14. A Comparison of U.S. and Mexican Ads for Speed Stick Brand Deodorants

  15. LACK OF RESIDUE BRUT SPEED STICK IDEAL VECTOR (U.S.) OLD SPICE SPEED STICK SURE OLD SPICE GILLETTE BRUT EFFECTIVENESS SURE RIGHT GUARD DEGREE RIGHT GUARD GILLETTE DEGREE • - U.S. Consumers • - Mexican Consumers Comparison of Perceptions of U.S. v.s. Mexican Males IDEAL VECTOR (Mex)

  16. MUM LADY SPEED STICK SECRET LADY SPEED STICK SURE SECRET MUM TEEN SPIRIT TEEN SPIRIT • - U.S. Consumers • - Mexican Consumers Comparison of Perceptions of U.S. v.s. Mexican Females LACK OF RESIDUE IDEAL VECTOR (U.S.) IDEAL VECTOR (Mex) EFFECTIVENESS

  17. Market Expansion Strategies • Concentration vs Diversification • Countries vs Segments Conc Div Conc 1 2 Div 3 4

  18. Market Expansion Strategies • Strategy 1: • When product appeals to a definite group of customers across markets and cost of penetration is very high (HDTV) • Strategy 2: • When product line appeals to different segments & cost of penetration is relatively high (consumer electronic goods)

  19. Market Expansion Strategies • Strategy 3: • Defined homogenous segments across markets (Benz, Jaguar, etc.) • Strategy 4: • Products with mass appeal with relatively low cost of penetration (most consumer non-durable goods)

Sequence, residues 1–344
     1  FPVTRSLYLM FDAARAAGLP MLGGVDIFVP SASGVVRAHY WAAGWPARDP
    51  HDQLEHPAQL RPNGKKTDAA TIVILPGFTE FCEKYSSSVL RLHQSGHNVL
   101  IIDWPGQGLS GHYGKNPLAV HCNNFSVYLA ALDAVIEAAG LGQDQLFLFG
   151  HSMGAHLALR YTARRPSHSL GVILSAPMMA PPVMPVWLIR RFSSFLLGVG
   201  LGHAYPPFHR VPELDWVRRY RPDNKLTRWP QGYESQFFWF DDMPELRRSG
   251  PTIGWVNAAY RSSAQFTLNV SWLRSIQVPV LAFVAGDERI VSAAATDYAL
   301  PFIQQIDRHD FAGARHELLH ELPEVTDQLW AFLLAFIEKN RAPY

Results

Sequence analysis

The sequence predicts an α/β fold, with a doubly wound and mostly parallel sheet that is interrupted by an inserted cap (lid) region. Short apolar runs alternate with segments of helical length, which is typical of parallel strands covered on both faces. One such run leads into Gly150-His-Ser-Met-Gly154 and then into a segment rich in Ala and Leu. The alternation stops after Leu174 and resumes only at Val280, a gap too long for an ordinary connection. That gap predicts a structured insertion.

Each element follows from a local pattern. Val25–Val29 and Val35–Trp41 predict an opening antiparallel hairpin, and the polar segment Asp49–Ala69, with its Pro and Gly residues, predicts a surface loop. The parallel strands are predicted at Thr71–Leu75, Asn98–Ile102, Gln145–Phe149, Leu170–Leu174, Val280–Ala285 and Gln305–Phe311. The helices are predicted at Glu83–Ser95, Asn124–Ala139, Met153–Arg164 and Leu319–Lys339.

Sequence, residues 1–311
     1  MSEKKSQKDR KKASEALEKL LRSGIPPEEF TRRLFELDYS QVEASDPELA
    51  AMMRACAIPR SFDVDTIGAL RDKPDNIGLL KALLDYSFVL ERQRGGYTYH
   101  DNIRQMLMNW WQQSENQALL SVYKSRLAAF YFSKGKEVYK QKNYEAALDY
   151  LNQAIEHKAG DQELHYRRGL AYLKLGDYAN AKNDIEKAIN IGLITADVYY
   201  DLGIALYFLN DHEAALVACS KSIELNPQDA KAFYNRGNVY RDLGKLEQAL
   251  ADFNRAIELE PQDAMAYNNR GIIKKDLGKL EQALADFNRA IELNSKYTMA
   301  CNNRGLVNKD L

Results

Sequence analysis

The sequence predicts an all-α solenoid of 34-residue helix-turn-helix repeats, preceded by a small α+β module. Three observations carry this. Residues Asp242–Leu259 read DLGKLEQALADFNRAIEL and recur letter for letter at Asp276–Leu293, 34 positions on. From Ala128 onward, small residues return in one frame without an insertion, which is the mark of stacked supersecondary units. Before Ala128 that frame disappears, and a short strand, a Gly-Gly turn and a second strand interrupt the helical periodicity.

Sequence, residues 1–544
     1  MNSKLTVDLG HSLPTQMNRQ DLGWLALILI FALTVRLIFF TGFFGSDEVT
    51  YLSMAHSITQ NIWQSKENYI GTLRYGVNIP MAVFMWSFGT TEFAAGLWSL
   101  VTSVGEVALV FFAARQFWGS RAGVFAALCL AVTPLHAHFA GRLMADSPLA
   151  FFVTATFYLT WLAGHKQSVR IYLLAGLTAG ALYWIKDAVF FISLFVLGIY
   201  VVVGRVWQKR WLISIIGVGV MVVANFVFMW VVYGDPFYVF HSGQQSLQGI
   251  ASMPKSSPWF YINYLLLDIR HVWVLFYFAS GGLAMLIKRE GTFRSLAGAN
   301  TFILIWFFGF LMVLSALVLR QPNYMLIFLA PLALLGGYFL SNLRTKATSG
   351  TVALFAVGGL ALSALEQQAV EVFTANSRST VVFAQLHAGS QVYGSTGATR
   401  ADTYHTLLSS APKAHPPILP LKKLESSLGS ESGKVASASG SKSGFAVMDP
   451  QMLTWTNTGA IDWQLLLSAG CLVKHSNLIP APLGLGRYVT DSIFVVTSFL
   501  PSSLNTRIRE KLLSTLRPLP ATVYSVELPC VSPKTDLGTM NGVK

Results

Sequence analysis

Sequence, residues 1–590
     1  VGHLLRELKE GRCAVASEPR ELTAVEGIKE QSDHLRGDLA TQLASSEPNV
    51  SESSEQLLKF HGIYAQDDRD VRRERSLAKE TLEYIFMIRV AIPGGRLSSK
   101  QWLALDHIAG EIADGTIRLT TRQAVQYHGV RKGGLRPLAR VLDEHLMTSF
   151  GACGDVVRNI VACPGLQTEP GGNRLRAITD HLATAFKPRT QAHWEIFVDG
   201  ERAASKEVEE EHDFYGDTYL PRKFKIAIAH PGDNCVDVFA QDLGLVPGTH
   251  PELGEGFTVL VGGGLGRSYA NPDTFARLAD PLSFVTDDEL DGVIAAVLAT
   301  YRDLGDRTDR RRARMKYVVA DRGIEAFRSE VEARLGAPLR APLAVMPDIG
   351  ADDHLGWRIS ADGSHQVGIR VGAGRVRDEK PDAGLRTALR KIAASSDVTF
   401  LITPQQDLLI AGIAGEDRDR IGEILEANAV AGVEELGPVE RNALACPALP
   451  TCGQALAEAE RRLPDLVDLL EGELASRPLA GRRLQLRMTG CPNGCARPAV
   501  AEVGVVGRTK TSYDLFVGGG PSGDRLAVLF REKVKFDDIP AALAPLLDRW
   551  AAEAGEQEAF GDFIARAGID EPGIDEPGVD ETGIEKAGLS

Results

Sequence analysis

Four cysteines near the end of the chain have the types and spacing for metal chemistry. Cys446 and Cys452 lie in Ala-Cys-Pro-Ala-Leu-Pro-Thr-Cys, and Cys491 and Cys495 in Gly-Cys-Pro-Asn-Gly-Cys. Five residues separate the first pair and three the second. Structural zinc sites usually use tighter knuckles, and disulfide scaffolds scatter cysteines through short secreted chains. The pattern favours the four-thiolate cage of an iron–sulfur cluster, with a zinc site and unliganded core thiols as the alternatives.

20. Choice of Entry Modes • Exporting • Direct vs Indirect • Contractual Agreements • Licensing, Franchising, etc. • Equity Based • Joint Ventures • Wholly Owned Subsidiary • Strategic Alliance

  21. Choosing the Mode of Entry • Decision Criteria for Mode of Entry • Market Size and Growth • Risk • Government Regulations • Competitive Environment • Local Infrastructure

  22. Choosing the Mode of Entry (cont) • Company Objectives • Need for Control • Internal Resources, Assets, and Capabilities • Flexibility • Mode of Entry Choice : A Transaction Cost Explanation

  23. Exporting • Indirect Exporting • Cooperative Exporting • Direct Exporting

  24. Stages in the Export Process • Uninterested • Partially Interested • Exploring • Experimental • Experienced

  25. Indirect Channels of Exports • Merchants vs Agents • Trading company • General Trading Companies • Sogo Shosha (C. Itoh; Mitsui, Mitsubishi, etc.) • Export Trading Companies • Daewoo, Sears World Trade • Export/Import Broker • Export Management Company • international sales specialists who function as the export dept. of mfrs.

  26. Cooperative Arrangements • Piggyback Marketing • GE; Borg-Warner, etc. • Marketing Cooperative Associations • Export Cartels • OPEC • DeBeers Central Selling Orgn. • Webb-Pomerene Associations

  27. Direct Channels of Exports • Export departments • Export Sales Subsidiary • Foreign Sales Branch/Subsidiary • Storage or Warehousing facilities • Travelling Salesperson

  28. Advantages and Disadvantages of Entry Modes

  29. Advantages and Disadvantages of Entry Modes